Brussels, 14 March 2011
Taxation: Commission requests Germany to amend discriminatory inheritance tax provisions
The European Commission has formally requested Germany to amend its inheritance tax and gift tax legislation which discriminates against residents of other EU Member States in breach of EU law on the free movement of capital. The Commission's request takes the form of a "Reasoned Opinion" (second step of EU infringement proceedings). In the absence of a satisfactory response within two months, the Commission may refer Germany to the EU's Court of Justice.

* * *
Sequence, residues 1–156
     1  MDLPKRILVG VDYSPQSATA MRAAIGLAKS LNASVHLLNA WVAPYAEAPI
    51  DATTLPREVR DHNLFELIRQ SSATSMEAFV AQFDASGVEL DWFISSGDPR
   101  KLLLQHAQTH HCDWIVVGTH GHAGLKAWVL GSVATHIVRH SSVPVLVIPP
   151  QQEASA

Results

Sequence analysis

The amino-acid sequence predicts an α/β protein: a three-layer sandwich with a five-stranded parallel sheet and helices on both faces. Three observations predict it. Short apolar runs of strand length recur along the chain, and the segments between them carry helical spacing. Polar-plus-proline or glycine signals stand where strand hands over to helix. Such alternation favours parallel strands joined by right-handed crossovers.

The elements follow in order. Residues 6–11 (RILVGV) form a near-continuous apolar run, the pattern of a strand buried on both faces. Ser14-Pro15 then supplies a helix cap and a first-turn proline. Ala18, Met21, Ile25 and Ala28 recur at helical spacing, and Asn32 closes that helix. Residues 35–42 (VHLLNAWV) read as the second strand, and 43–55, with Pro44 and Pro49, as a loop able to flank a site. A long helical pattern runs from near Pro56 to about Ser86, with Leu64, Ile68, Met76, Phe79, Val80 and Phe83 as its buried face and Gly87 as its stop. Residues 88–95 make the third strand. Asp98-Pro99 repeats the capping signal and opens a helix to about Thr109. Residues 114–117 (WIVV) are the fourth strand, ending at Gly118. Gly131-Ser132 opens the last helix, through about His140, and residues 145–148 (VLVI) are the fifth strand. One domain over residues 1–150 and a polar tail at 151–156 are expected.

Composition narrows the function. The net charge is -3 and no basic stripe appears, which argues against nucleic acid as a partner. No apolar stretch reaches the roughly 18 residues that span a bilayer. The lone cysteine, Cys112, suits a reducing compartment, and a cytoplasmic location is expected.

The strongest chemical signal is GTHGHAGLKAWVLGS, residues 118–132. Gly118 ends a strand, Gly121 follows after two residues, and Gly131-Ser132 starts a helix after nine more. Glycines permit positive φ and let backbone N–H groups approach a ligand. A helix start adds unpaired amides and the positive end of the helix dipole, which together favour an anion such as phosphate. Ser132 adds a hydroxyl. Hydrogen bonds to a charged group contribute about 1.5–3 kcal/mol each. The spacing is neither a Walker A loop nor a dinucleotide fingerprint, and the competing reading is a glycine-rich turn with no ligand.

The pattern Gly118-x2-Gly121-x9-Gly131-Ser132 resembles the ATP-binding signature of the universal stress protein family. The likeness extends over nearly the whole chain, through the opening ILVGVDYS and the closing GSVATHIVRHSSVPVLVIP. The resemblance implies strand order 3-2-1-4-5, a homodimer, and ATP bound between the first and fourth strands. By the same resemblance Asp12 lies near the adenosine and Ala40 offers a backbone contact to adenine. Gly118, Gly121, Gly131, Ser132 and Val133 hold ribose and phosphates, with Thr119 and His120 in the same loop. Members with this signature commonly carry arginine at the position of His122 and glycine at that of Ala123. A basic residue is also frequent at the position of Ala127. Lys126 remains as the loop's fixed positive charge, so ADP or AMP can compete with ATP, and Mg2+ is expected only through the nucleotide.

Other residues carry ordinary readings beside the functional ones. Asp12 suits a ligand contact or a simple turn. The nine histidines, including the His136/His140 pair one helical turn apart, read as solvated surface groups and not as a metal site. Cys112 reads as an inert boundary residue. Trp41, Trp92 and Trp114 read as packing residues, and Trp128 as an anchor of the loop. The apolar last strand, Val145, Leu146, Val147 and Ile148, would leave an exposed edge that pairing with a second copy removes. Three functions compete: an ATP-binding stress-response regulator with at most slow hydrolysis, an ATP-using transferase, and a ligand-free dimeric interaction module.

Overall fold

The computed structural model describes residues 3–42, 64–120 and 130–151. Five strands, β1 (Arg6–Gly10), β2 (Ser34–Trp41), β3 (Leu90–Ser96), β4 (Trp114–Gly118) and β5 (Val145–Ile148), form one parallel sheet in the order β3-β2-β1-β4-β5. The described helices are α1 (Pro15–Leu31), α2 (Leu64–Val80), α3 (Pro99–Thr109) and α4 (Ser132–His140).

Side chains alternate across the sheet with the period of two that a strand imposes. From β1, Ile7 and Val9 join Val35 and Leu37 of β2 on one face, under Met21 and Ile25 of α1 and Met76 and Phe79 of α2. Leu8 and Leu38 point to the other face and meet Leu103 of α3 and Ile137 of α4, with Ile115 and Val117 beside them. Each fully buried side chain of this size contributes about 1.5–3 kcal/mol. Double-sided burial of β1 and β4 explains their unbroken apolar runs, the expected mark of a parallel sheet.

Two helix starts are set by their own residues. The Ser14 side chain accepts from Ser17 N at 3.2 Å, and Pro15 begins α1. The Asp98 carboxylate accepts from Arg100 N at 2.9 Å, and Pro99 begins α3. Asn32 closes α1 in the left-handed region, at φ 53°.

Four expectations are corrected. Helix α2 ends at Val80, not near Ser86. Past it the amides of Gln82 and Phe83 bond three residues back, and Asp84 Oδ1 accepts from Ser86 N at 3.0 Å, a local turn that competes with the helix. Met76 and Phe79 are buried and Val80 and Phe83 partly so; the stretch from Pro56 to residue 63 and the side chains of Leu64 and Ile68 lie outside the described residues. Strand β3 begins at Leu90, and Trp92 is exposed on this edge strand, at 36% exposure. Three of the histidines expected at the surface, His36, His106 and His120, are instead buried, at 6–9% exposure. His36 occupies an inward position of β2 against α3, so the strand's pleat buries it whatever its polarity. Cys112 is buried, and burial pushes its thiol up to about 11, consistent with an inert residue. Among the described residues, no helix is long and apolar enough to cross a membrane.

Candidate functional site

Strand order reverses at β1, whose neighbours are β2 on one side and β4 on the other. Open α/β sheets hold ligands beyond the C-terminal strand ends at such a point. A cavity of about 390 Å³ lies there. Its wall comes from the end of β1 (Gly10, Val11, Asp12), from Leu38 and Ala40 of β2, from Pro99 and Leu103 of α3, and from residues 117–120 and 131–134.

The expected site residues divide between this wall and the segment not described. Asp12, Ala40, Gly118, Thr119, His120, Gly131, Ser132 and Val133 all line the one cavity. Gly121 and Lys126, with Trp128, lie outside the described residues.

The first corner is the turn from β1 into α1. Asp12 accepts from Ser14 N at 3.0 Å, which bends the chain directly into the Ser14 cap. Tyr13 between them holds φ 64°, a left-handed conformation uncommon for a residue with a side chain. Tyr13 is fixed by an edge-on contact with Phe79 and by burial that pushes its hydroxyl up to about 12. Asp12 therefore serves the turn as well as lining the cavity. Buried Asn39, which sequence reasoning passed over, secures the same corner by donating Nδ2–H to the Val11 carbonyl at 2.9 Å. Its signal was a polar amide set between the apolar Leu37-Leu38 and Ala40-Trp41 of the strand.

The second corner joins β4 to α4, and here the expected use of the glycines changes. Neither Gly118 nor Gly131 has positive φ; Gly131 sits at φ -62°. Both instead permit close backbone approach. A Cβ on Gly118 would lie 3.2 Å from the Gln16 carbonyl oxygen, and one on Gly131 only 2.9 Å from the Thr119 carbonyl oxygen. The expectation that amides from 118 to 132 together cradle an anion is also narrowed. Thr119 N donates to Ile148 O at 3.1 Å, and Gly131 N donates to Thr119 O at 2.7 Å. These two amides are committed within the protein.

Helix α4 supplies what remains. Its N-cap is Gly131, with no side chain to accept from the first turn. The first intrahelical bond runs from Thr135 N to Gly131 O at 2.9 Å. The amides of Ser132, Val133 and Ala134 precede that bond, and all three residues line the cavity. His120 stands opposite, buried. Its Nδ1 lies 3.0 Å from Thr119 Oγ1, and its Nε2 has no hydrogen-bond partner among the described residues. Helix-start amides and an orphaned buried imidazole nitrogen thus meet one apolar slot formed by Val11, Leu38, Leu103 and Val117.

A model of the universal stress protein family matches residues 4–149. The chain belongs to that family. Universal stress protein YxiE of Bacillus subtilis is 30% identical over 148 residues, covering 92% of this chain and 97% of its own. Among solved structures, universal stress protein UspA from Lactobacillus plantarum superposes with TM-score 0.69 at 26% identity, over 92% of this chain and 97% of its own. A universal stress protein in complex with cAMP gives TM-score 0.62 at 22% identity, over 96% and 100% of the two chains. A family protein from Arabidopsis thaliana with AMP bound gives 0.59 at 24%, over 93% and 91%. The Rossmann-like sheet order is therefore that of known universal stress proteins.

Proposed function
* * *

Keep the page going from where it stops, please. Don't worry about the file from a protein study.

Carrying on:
Under German tax law, a tax exemption on inheritance of up to €500 000 is granted to German residents (depending on the degree of kinship), whereas this exemption is only €2 000 if both the testator and the heir are not resident in Germany. Equivalent provisions also apply in the case of gift tax.
The Commission considers that these provisions are discriminatory and constitute an unjustified restriction on the free movement of capital, as provided for in Article 63 of the Treaty on the Functioning of the European Union and Article 40 of the European Economic Area Agreement. Such provisions could dissuade citizens living abroad from investing in property located in Germany.
For the press releases issued on infringement proceedings in the area of taxation or customs see:
For the most up-to-date general information on the infringement proceedings initiated against Member States, see:
For more information on EU infringement procedures, see MEMO/11/162